I'm not going to tell all of those folks out there to give up towing with their big trucks, but somehow that doesn't go both ways in most internet forums. There is an assumption that everyone towing over their tow limit is an uninformed idiot. I'm a bit irked that there is this inference that CanAm is misleading customers. ("What? You mean my Taurus SHO isn't rated to tow a big trailer? You never told me that!") I've talked with other CanAm customers and they're all very informed about the choices they made.

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Old 09-11-2011, 08:00 PM   #45
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okay, now that I've joined this site, I'd like to ask a few questions and post some data.

1. What you guys are doing is actually ILLEGAL in many states.
2. Your insurance can and will refuse to payout if you cause and accident while severly overloaded (ie: towing a 29ft trailer with a Minivan or Jag)
3. I bet you guys are towing with Passenger tires and not perhaps a D or E rated tire (yes, i know Passenger tires can hold similar weights, but they don't have similar stability abilities)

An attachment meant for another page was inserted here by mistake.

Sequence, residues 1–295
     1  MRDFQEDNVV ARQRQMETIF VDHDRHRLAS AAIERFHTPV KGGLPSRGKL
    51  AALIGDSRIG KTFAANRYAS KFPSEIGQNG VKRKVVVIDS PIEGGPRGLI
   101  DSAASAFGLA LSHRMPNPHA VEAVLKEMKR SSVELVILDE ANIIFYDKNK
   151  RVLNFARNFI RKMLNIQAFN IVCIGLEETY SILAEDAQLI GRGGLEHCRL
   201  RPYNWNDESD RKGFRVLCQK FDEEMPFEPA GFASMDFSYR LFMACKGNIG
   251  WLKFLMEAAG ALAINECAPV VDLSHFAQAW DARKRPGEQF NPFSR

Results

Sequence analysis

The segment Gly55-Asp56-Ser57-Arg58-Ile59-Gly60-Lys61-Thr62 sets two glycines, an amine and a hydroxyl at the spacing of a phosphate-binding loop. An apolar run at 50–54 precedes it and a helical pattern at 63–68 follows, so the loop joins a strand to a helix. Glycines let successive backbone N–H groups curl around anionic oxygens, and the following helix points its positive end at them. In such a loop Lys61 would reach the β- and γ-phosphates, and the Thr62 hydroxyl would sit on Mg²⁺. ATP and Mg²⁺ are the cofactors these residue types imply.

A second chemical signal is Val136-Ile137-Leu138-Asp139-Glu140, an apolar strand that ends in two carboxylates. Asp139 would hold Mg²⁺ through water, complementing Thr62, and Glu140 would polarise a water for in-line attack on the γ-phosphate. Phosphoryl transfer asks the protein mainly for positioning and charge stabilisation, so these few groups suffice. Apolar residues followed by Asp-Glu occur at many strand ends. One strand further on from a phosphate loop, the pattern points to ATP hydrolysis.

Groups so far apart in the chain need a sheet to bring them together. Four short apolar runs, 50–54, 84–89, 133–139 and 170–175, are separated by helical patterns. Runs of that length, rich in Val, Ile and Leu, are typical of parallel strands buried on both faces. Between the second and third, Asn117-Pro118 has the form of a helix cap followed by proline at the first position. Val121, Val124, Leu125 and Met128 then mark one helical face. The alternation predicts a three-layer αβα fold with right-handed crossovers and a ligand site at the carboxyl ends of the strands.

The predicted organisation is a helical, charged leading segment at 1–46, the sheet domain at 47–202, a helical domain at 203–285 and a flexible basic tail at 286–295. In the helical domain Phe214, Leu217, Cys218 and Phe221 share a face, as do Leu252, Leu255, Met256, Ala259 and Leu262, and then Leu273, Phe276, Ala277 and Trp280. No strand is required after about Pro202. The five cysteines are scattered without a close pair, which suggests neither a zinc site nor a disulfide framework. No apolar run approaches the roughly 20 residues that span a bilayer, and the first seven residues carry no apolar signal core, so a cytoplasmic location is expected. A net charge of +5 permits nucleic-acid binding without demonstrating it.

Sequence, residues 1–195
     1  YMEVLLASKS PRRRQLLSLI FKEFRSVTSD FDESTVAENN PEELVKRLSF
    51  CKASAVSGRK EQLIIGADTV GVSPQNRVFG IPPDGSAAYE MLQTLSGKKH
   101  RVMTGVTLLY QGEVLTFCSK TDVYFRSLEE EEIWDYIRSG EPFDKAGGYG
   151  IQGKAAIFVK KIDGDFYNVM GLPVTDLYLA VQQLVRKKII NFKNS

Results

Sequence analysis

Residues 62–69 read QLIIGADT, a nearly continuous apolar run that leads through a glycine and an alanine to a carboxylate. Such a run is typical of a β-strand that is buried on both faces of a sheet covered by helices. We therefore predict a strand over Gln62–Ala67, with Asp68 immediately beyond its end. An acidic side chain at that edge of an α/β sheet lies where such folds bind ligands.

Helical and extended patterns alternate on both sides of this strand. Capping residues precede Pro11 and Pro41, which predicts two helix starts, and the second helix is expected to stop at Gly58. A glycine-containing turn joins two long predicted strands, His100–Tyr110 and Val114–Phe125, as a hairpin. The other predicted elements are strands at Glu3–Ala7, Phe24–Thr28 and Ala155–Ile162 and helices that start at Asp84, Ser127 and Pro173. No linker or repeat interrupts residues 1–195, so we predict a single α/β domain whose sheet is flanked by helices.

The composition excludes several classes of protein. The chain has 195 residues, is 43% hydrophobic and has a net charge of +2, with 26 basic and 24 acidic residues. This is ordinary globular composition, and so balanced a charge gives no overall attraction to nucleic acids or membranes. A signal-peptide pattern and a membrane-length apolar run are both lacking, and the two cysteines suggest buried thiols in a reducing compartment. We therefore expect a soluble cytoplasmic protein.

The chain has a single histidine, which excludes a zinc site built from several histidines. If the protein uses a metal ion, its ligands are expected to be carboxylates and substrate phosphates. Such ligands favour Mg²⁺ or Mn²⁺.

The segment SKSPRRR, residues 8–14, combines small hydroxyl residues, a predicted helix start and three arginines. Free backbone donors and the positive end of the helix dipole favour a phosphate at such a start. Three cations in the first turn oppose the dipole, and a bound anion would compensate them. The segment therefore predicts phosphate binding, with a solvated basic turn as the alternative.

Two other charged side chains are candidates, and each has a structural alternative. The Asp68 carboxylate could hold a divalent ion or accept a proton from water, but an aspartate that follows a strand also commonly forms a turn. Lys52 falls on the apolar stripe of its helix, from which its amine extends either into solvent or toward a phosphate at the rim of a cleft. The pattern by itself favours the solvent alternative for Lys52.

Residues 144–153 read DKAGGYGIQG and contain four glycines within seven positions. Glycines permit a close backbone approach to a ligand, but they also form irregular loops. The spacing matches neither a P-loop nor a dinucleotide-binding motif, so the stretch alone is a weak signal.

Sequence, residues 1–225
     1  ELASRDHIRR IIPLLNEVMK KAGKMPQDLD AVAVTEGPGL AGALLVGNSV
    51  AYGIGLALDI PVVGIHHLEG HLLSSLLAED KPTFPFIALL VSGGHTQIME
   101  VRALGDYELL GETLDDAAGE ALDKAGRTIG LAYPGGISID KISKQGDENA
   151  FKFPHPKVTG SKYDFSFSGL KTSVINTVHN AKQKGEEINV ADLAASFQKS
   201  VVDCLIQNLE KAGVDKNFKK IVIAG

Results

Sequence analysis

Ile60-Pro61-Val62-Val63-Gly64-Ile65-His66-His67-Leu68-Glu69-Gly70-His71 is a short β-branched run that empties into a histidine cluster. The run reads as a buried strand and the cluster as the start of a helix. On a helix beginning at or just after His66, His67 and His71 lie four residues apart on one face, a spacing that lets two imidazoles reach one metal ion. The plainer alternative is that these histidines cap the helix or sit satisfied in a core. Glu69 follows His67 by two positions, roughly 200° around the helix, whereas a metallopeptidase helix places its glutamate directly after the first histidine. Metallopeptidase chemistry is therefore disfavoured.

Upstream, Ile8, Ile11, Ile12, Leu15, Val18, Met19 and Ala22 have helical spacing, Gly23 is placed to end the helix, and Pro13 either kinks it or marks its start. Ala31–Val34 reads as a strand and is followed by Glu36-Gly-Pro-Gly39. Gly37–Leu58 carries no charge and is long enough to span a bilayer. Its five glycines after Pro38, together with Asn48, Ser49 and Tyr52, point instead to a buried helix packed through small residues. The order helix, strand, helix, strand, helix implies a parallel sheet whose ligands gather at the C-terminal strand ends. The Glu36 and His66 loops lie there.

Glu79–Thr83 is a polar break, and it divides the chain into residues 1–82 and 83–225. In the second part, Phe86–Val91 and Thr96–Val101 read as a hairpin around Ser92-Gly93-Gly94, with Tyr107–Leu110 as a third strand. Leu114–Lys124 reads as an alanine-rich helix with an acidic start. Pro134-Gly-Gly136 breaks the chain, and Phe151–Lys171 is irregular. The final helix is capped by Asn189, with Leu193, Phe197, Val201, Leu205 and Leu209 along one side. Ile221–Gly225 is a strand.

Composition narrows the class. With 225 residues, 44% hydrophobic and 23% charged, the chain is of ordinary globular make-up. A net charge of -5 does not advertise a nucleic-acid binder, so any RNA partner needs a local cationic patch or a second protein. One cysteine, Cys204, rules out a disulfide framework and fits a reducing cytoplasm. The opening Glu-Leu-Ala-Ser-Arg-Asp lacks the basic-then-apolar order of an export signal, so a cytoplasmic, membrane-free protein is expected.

4. I wish you people would give thought to other besides your own selfishness.
5. Just because you can, doesn't mean you should.

Here is a breakdown of the towing laws for each state. Note that many say "Within Manufacturer Spec"
US and Canada Towing Law Breakdown - I'm sure some of the data is out of date. But for the most part...it's correct.
Here is a definition of several key terms
GCWR - Gross Combined Weight Rating
GVWR - Gross Vehicle Weight Rating
Curb Weight
I was going to pick apart all of your tow vehicles and how overloaded they are for the application. But frankly I'm getting bored and you are going to ignore this anyways.

Please rethink your tow vehicles. You are endangering yourselves and everyone around you
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Old 09-11-2011, 11:08 PM   #46
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Originally Posted by Andrew T View Post
Hi Tom